As Canadians attempted to process the horrible news that one of the Snowbird planes had crashed over Kamloops, birds across the nation were seen engaging in an unusual flying formation. One in which they appeared to be leaving a space, for a missing fellow aviator.
“Whether your craft is powered by kerosene or grass,” said a large Canada goose, resting on the shores of Lake Huron after completing a flock-wide flyby, “and can go 300 knots or 30, we are all, in our ways, creatures of the air. And we know what it is to lose a member mid-flight. I’m sorry, is what I’m trying to say.”
A duck on a medium-sized pond in Nova Scotia agreed.
“For heavy-boned mammals with no feathers and severely under-sized wings, you people sure can fly. I heard those Snowbirds were trying to inspire you guys, after all of that time away from your flock that you’ve been having to spend. Brave thing that. Brave indeed. The least we ducks can do is put on a quiet air show of our own, to remember your lost flyer.”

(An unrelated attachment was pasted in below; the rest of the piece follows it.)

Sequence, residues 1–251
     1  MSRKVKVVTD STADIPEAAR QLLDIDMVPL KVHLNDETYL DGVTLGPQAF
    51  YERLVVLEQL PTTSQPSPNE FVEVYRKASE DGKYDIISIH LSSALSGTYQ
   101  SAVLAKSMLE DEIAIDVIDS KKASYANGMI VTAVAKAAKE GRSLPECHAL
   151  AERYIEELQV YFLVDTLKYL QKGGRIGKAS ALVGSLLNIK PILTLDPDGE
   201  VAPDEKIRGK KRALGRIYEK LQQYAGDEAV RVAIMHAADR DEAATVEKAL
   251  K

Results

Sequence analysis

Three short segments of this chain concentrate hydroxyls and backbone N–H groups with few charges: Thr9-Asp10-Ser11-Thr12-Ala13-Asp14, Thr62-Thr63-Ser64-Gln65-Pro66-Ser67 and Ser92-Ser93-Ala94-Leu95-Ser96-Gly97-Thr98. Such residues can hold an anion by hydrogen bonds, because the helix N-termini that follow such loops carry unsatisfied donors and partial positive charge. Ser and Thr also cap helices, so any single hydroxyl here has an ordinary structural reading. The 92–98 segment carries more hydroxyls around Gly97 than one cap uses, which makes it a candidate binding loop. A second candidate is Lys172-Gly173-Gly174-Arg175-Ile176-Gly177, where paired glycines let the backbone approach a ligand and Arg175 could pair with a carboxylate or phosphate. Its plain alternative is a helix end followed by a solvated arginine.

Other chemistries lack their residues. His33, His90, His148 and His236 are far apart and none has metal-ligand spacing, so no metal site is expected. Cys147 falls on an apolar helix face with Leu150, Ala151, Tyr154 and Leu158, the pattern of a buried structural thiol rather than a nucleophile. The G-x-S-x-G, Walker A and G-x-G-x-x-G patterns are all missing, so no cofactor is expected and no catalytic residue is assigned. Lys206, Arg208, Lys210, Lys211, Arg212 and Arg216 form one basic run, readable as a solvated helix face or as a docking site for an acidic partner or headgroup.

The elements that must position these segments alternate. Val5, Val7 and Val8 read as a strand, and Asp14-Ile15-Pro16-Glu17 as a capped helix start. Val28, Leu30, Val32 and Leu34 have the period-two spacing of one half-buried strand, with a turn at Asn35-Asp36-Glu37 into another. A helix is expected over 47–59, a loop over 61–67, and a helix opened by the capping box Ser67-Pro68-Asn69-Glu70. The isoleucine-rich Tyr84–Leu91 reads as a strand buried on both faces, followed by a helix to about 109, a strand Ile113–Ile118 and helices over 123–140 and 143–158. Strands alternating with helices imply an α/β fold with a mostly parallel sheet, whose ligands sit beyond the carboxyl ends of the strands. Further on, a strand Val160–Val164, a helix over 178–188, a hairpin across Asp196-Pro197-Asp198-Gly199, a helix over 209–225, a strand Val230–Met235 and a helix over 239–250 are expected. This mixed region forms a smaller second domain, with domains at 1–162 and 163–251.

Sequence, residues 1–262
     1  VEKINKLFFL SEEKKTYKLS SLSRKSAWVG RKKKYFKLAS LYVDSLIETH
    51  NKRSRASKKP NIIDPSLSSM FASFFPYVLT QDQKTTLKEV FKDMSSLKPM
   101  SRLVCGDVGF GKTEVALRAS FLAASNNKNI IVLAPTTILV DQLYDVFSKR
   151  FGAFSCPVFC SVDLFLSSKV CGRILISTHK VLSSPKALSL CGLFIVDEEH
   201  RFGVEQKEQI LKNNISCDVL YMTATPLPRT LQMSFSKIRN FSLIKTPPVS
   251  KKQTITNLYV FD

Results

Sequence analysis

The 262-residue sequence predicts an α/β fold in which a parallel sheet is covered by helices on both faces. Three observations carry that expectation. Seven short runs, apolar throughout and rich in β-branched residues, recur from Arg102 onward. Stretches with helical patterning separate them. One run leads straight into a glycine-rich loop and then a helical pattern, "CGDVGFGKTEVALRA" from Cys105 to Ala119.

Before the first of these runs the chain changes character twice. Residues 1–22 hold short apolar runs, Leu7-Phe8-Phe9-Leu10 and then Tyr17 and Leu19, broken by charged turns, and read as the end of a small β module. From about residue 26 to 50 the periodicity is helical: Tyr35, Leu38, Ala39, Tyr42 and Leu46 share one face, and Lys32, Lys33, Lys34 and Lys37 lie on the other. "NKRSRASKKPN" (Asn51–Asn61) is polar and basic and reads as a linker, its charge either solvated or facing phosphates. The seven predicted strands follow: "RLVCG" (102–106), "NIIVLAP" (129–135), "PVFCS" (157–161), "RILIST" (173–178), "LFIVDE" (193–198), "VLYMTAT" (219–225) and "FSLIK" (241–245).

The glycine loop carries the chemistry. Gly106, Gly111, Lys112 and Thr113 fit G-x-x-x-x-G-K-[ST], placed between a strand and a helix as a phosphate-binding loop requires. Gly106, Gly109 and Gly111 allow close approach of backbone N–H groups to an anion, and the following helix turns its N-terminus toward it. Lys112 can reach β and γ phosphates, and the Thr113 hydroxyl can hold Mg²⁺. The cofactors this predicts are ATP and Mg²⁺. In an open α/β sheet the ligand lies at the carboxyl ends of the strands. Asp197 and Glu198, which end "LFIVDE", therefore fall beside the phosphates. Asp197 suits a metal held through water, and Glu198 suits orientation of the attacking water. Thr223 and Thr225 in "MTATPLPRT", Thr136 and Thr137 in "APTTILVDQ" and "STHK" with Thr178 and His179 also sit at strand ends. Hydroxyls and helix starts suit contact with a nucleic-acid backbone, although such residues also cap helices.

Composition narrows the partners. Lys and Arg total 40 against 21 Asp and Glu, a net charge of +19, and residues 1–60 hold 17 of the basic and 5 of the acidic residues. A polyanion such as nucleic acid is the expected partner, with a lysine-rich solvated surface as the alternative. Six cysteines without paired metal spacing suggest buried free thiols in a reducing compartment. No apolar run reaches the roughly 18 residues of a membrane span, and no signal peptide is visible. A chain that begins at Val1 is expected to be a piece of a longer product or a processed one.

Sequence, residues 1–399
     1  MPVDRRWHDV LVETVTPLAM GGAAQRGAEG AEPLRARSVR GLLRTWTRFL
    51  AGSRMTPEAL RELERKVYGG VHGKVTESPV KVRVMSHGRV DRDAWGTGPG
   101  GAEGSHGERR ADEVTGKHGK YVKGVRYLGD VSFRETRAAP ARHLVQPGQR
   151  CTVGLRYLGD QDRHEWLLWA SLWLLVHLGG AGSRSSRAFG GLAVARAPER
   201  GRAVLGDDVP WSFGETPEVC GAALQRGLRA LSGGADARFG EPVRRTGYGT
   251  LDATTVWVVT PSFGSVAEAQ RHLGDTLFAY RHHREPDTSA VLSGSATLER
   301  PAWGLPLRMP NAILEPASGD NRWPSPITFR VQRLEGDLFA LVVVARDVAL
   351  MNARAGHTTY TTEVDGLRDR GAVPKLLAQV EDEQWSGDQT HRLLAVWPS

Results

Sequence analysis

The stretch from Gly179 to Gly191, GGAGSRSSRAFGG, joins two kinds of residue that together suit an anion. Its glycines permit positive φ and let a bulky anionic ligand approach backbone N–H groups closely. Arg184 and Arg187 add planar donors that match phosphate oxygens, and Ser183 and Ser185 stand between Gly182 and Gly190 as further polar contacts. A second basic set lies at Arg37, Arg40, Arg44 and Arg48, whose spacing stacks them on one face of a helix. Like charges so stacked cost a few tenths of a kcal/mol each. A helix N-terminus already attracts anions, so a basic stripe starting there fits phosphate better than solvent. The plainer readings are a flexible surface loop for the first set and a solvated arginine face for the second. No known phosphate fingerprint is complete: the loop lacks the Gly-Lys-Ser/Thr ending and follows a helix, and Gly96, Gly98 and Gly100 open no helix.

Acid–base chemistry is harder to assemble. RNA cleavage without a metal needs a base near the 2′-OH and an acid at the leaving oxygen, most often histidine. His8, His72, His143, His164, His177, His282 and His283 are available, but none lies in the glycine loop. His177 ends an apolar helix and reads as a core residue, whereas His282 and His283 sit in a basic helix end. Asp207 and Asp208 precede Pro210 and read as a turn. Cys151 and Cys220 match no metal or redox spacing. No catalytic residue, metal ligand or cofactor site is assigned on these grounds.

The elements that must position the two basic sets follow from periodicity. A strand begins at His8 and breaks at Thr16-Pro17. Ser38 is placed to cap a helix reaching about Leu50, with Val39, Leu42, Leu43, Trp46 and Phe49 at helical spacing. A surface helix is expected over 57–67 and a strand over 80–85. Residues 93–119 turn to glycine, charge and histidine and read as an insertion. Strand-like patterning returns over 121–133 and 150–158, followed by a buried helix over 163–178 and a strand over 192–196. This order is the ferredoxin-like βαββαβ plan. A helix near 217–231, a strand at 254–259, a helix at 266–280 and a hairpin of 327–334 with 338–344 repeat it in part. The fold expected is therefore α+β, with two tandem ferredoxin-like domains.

The sun reached low, on a quiet Sunday in a lonely May. Across the country, millions of people who had, in happier times, stood shoulder to shoulder in the congregating spaces of this place to watch the red-and-white planes streak across clear skies, took in the awful news that one of those planes had fallen. And the birds flew, missing one.